In a preferred embodiment of an active seat suspension control system in accordance with the invention, disablement of the system is accomplished by a coil operated emergency shutoff valve which prevents the flow of pressurized fluid to the seat height adjusting cylinder when energization is removed from the coil. Such coil energization is removed when either of opposite limit switches is contacted by the moving mass within the vibrometer and thereby opened. The control system which is powered from the power supply for the vehicle is also disabled whenever the ignition switch which is coupled between the power supply and the control circuit is open. Resetting of the system to restore active control to the seat is accomplished by a reset switch which changes the state of a relay to apply energization to the coil at the emergency shutoff valve so long as the ignition switch and the opposite limit switches are closed. Closure of the reset switch also adjusts a variable resistor serially coupled with a source of potential across opposite legs of the bridge circuit for minimum gain or sensitivity. Thereafter, the sensitivity can be increased by the operator via the variable resistor. Stiffness of the control system which is determined by the rate of response of the seat to the vibrometer is controlled by a pair of variable resistors coupled in the opposite legs of the bridge circuit and arranged to be adjusted together and by substantially equal amounts. A further variable resistor within one of the legs of the bridge circuit performs initial height adjustment of the seat.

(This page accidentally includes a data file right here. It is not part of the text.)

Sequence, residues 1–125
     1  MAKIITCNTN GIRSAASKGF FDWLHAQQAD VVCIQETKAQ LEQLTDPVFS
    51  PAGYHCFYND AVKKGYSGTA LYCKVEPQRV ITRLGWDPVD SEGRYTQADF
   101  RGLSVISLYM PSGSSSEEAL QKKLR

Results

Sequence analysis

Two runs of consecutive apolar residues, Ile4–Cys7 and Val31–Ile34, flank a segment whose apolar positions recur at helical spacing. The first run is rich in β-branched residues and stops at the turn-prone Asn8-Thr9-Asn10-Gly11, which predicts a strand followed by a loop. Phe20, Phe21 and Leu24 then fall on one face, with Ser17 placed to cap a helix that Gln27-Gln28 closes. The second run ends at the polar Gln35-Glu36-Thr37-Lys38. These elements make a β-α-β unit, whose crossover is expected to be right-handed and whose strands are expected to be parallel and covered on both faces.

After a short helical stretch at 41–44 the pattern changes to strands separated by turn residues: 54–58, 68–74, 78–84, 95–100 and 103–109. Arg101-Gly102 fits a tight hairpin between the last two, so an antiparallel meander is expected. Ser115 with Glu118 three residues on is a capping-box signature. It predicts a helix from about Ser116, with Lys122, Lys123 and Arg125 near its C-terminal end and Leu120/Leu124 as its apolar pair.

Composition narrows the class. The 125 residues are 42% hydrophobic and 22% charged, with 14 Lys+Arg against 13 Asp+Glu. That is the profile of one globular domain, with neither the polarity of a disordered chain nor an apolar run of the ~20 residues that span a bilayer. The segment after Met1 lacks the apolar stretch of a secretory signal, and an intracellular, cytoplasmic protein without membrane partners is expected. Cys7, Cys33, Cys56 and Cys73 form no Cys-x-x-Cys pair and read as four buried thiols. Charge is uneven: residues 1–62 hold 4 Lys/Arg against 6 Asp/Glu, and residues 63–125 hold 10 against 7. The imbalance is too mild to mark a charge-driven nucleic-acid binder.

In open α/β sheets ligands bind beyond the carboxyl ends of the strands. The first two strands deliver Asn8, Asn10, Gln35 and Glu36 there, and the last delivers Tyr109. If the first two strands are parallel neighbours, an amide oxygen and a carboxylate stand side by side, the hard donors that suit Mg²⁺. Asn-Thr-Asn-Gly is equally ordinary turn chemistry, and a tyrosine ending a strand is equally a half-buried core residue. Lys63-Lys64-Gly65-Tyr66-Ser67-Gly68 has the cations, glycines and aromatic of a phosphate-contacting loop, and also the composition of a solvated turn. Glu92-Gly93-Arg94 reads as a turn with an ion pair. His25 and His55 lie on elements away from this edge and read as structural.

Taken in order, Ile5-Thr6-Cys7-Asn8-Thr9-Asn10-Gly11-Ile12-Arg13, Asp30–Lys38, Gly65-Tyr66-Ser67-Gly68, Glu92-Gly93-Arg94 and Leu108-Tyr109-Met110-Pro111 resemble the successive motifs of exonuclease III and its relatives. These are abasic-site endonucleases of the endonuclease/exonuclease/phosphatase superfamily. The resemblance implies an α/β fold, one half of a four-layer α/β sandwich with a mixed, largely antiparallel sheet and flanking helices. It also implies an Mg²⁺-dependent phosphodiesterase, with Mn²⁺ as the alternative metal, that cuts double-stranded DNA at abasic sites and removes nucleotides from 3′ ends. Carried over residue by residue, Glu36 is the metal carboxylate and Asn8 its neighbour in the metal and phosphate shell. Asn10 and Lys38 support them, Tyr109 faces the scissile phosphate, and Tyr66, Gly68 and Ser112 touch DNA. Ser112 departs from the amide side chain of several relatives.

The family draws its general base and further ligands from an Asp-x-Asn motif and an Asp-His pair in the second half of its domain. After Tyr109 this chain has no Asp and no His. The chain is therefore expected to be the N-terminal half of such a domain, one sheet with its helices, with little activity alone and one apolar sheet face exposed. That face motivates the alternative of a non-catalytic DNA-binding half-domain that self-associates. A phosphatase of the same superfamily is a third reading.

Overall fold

In a preferred embodiment of the vibrometer, the spring suspension for the mass is provided by a rod which is fixedly mounted at one end thereof and which has a laterally extending arm mounted on the opposite end thereof. The mass is suspended from the outer end of the arm opposite the rod by a length of cable secured to the top of the arm and extending through at least a portion of a groove in the outer periphery of the arm. The fixedly mounted end of the rod is adjusted as necessary so that the arm initially assumes a generally horizontal position. Thereafter, as the tractor undergoes motion, the mass responds by moving up and down as a result of twisting of the rod about its axis of elongation. The arm and included end of the rod are enclosed in a housing which also mounts one of the potentiometers of the bridge circuit, the potentiometer being adjusted in response to twisting of the end of the rod as the mass undergoes vertical motion in response to movement of the tractor. The mass is preferably contained within a hollow, generally vertically disposed tube extending downwardly from the bottom end of the housing.